Archives for November 2019

4 Reasons an Adoption Can Fail

Most Common Reasons Adoptions Fail

There are many reasons why adoptions fail, and when it does happen, it can be heartbreaking for all parties involved. While many adoptions are completely successful, a 2010 study found about 6 to 11% of all adoptions are disrupted before they can be finalized. When an adoption fails, it’s always worth consulting your NJ adoption lawyer so you can be sure that you know what options you have to help deal with the situation going forward.

A Failed Match

Perhaps the most common reason for why adoptions fail in New Jersey is when a failed match occurs. A failed match is when the expectant parent decides that they want to be the one to raise the child after all, after already having chosen an adoptive family. This will usually happen either just before or just after the child has been born. What many often don’t realize, even if the birth parent and the adoptive parent have already finalized the adoption by this point, if the birth parent changes their mind about the adoption, then by law, the adoptive parents no longer have any legal claim over the child.

A Disrupted Adoption

Disrupted adoptions tend to occur most commonly with older children who have been adopted from foster care. Adoptive parents can discover that they are not yet properly prepared or adequately trained to take care of children with challenging mental, physical or emotional issues. As a result of this, prospective adoptive parents may decide that they no longer wish to continue with the adoption process.

An adoption can be disrupted after a child has been placed and living in a home, but before the adoption has been finalized in the eyes of the law. When adoption fails, the child will be placed either with new parents or placed back into foster care.

Dissolved Adoptions

In the case of a dissolved adoption, the adoption will have already been legally finalized before it breaks down. Dissolved adoptions are very rare, and will, for the most part, only ever occur in an extreme case where the child’s special needs are unable to be fully taken care of by the adoptive parents. This could be due to many reasons, such as a lack of resources, a lack of information, or an inability to meet the high costs that the special needs of the child require.

Once the process of a dissolved adoption begins, the child and the adoptive parents’ relationship will be severed, and the child will either be placed back into foster care or new adoptive parents will be found.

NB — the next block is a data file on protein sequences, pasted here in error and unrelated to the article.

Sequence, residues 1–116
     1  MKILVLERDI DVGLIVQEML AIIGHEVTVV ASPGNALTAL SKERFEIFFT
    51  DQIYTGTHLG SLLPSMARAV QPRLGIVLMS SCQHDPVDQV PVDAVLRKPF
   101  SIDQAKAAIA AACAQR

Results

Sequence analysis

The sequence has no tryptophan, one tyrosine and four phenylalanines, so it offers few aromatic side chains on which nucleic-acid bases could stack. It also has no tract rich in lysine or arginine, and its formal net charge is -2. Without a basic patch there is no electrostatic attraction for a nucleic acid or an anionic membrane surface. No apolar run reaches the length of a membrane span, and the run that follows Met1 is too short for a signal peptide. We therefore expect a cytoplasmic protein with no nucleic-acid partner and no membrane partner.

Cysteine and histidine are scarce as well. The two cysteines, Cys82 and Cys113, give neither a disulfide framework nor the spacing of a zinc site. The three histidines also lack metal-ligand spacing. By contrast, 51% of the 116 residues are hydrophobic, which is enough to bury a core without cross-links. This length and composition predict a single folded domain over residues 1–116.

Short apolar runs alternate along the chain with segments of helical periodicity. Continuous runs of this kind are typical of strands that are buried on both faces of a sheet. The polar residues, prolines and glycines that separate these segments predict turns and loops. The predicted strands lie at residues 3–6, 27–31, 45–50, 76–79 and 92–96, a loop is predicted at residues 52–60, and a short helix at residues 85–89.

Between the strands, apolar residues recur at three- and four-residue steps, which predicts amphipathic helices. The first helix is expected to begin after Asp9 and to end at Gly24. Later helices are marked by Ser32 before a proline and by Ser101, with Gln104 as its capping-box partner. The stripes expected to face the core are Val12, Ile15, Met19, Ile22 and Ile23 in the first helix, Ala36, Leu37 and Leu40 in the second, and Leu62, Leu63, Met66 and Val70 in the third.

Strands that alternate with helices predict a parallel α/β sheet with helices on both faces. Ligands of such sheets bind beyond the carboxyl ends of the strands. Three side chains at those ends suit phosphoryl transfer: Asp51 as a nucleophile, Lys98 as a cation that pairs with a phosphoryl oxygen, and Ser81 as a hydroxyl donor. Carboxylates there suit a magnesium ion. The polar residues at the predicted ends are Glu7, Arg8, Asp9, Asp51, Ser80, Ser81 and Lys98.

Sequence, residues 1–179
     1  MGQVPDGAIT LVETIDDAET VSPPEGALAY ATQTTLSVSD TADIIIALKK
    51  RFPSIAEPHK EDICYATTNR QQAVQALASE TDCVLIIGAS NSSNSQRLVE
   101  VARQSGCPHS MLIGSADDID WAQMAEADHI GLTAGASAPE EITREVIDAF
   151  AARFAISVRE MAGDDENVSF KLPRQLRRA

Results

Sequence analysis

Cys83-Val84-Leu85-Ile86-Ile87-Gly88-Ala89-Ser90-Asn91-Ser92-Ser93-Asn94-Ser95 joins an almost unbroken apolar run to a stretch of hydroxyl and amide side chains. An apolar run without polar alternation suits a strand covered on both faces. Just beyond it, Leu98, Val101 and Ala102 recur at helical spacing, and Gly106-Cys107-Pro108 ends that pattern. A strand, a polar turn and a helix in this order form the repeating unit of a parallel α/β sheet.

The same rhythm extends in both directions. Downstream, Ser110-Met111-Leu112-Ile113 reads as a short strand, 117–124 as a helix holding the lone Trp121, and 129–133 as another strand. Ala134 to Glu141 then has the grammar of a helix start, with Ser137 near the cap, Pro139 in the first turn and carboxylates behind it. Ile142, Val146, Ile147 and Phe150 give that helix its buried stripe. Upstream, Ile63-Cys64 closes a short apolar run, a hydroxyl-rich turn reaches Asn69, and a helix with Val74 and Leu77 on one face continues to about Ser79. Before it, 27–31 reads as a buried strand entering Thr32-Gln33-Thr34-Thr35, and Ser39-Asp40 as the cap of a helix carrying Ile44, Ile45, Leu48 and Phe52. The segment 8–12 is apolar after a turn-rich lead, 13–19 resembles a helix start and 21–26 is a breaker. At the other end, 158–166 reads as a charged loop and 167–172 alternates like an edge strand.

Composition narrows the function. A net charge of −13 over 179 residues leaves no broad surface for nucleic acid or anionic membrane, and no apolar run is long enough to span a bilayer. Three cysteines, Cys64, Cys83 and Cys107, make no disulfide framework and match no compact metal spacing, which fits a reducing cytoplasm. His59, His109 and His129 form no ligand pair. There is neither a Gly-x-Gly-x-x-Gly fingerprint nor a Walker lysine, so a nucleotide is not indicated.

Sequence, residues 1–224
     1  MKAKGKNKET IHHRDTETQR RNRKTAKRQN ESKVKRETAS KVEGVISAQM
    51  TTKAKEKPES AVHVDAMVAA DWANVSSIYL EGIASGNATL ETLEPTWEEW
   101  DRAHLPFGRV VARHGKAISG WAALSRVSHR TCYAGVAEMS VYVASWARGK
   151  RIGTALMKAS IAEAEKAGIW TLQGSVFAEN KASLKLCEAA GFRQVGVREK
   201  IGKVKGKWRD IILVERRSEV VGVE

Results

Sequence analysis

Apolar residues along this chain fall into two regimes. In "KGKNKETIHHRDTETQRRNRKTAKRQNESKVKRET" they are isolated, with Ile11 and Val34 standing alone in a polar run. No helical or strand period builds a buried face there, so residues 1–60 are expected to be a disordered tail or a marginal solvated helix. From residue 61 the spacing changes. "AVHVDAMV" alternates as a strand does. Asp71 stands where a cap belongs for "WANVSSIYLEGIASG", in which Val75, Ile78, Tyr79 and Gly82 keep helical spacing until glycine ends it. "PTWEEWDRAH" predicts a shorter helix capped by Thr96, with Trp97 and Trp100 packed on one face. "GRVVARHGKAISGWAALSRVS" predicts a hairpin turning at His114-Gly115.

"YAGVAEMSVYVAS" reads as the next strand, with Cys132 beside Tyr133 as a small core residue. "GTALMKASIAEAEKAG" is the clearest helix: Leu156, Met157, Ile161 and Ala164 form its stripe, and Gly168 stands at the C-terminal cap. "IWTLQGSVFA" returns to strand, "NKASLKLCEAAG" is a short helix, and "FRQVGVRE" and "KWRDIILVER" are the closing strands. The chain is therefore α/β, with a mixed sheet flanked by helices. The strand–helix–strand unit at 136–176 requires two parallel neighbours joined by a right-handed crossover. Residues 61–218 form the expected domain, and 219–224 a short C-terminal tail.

A NJ adoption lawyer can help you withdraw from an adoption if you meet the child and they have a condition or problems that weren’t disclosed or you do not feel you can handle.

Contested Adoption

A contested adoption can be one of the more challenging reasons why adoptions fall apart. This will occur when one of the child’s biological parents decides they wish to place the child up for adoption, but the other biological parent is against it. In many cases, the father of the child may be completely unaware of the fact that the mother is pregnant, or in other cases, perhaps the person who believes himself to be the father discovers that he is not actually the father. In other situations, the father may feel that he was pressured into placing the child up for adoption or has since simply changed his mind.

In the case that the biological father refuses to rescind his parental rights and wishes to parent the child himself, then all parties involved must go to court. The case will then be put before a judge who will decide based on the law and the father’s situation what’s best for the child and whether or not to stop the adoption. In this instance, a NJ adoption attorney can help provide any required information and assist with any necessary paperwork that will be instrumental during the court hearings.

To confer with a NJ adoption lawyer, contact Cofsky & Zeidman LLC at (856) 429-5005 to schedule a consultation in Haddonfield. We can help you learn more about your options if you are facing challenges with an adoption.

Different Types of Adoptions You Should Understand

Types of Adoption in New Jersey